Tour Jackson Heights’ Cultural Epicenter Diversity Plaza

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April 1, 2021
diversity plaza

Jackson Heights’ Diversity Plaza has been appropriately cited by New York City Mayor Bill De Blasio as “an epicenter of culture, community, and vibrancy within New York City’s most diverse borough, Queens.” The neighborhood was also listed by Time Magazine as “A Reason to Celebrate America.” 

The two-block stretch, encompassing 37th Road from Broadway to 74th Street, and 73rd Street from Roosevelt Avenue to Broadway, was first pedestrianized in 2012. A subsequent, multi-million dollar revitalization effort in 2017 further expanded it to include welcoming elements such as trees, seating and even an open space for performances. As a result, The New York Times declared in 2020 that, “[the Plaza has] become Jackson Heights’ de facto town square and a proud symbol of Queens as the city’s most international borough.” Here, some highlights of the plaza and surrounding neighborhood for anyone looking to spend time in the area.

Earle Theater

One notable architectural feature in Diversity Plaza is the building originally known as the Earle Theater, an art deco building that first opened as a movie palace in 1936 on 37th Road between 73rd and 74th streets. The historic space was later repurposed as an adult movie theater in the 1970s, before its name was changed by one letter and it became a Bollywood theater known as the “Eagle” in the 1980s. The theater ultimately shut down — following an Indian actors’ strike in 2009 — but the building has since reopened as Ittadi Garden & Grill, an eatery specializing in food from the Indian subcontinent.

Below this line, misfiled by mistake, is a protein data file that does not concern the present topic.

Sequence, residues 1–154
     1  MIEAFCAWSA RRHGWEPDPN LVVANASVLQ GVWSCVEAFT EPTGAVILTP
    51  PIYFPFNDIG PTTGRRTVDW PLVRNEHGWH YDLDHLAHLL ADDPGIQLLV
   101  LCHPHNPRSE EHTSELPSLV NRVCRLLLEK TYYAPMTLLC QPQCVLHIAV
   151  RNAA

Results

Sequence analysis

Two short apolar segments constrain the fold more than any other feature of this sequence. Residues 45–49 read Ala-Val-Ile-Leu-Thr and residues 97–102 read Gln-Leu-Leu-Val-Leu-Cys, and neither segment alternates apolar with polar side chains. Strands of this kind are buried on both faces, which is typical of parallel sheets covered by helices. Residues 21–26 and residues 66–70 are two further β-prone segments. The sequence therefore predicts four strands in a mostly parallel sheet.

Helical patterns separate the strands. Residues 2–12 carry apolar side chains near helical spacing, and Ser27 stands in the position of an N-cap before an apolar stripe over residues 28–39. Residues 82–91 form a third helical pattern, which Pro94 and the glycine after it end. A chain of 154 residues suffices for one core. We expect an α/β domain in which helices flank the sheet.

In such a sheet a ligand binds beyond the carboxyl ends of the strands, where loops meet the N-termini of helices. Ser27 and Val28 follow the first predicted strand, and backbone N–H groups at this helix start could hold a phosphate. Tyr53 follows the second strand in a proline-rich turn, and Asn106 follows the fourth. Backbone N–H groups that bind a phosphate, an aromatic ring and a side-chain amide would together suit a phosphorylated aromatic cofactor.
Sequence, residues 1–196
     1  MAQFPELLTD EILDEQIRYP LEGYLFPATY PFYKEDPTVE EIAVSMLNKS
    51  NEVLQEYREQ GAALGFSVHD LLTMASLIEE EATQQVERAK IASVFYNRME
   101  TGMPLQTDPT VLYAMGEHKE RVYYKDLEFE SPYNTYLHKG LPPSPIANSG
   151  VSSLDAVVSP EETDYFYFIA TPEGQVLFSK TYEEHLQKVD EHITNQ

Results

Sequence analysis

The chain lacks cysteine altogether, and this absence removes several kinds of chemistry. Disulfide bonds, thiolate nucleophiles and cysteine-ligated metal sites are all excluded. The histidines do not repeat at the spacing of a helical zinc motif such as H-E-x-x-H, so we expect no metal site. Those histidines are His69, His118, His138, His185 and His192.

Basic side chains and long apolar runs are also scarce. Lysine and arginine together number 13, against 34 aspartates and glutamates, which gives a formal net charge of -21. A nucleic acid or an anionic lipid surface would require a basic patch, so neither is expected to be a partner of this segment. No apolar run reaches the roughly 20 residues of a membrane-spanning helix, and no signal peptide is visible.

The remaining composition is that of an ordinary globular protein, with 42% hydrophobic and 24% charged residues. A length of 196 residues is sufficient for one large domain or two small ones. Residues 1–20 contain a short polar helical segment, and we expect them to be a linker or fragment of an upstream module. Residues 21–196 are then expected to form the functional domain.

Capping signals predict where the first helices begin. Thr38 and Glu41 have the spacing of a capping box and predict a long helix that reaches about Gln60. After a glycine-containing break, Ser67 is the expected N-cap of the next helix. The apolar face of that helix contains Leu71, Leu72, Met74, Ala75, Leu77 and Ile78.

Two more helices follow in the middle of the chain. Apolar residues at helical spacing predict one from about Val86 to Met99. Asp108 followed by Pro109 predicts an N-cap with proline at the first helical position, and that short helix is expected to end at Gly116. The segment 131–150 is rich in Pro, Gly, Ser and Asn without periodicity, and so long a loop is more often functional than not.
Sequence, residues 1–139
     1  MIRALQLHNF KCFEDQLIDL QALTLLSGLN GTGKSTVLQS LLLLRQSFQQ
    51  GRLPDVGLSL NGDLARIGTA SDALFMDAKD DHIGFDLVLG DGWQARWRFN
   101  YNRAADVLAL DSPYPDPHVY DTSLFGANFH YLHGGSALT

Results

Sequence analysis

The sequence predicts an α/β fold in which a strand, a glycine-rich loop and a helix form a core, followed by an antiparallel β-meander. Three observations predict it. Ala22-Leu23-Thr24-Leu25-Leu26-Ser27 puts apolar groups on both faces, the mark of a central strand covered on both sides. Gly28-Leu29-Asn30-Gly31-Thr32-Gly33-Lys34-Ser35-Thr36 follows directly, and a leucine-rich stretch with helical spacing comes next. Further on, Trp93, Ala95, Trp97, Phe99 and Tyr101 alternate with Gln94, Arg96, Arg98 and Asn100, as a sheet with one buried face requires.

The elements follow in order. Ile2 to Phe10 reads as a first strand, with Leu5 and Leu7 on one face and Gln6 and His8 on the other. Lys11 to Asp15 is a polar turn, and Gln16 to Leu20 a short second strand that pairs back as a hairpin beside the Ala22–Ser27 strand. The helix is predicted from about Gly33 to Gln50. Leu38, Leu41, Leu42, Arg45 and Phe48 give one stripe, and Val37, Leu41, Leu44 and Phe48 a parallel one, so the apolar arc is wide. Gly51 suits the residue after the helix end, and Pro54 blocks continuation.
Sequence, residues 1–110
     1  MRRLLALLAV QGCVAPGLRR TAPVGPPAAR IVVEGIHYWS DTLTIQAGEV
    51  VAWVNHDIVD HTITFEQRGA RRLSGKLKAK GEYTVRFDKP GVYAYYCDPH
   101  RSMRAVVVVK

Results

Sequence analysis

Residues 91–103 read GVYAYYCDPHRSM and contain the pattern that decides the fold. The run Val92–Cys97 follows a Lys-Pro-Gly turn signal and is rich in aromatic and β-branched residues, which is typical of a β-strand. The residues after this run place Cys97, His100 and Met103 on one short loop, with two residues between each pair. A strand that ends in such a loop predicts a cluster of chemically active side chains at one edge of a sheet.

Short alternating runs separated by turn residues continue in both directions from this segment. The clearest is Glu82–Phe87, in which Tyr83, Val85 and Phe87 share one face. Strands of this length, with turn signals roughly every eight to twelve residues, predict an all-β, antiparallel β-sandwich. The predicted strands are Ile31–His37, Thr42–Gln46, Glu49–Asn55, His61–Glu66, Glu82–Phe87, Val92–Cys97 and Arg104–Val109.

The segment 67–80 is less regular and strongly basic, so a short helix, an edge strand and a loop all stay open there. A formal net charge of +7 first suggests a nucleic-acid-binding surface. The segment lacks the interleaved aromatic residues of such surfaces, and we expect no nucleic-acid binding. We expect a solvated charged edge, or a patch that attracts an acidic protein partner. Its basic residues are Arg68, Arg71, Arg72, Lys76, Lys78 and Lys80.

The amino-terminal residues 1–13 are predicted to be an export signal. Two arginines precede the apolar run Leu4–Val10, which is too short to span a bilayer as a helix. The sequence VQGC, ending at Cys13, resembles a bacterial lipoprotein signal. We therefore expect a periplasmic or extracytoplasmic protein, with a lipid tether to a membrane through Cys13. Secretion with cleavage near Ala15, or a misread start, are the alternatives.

Endless food options

Given the diversity of Jackson Heights, many local businesses are Asian- or Latino-owned, including a wide variety of restaurants, bakeries, grocery stores, and bars. Within Diversity Plaza itself, in addition to Ittadi, diners can enjoy offerings such as Delhi Heights for Indian cuisine. If your tastes run toward Nepali cuisine, there’s Namaste Tashi Delek. Not to be missed are the range of booths selling delicacies like paan, a mixture of betel leaf and areca nut. Or, take a quick trip around the corner to Patel Brothers, a highlight of Little India on 74th street. Nearby on 73rd Street, visitors can also discover Little Pakistan and Little Bangladesh. 

For a truly global culinary journey in just a few steps, stop by Roosevelt Avenue between 74th to 108th Streets. Here, vendors offer street food from Bangladeshi panipuri and Greek souvlaki to Nepalese momos, Colombian arepas, Mexican tamales, Ecuadorian ceviche, and more. 

Multilingual signage

Diversity Plaza is adjacent to one of New York City’s busiest transportation hubs, the Roosevelt Avenue subway station. Standing at the subway stairs, a visitor can take in the sights — and the signs — that demonstrate just how diverse this area is. Spanish-, Urdu-, Hindi-, and Bengali-language signs are everywhere, advertising to the local community.

Queens Pride parade and Julio Rivera

Today, Jackson Heights is home to a thriving LGBTQ community and plays host to NYC’s second-biggest Pride parade, whose terminus is at Diversity Plaza. The parade was founded in 1993 by Maritza Martinez and current city councilman Daniel Dromm to increase visibility of the local LGBTQ community. It also serves to memorialize Julio Rivera, a gay Jackson Heights resident who was murdered in 1990 as the target of a hate crime.

As councilman Dromm has said, “Not only is Diversity Plaza home to many important cultural events, it serves as a town hall for residents who wish to protest, celebrate and mourn as one community.” The plaza provides an essential public gathering place for the local community in Jackson Heights.

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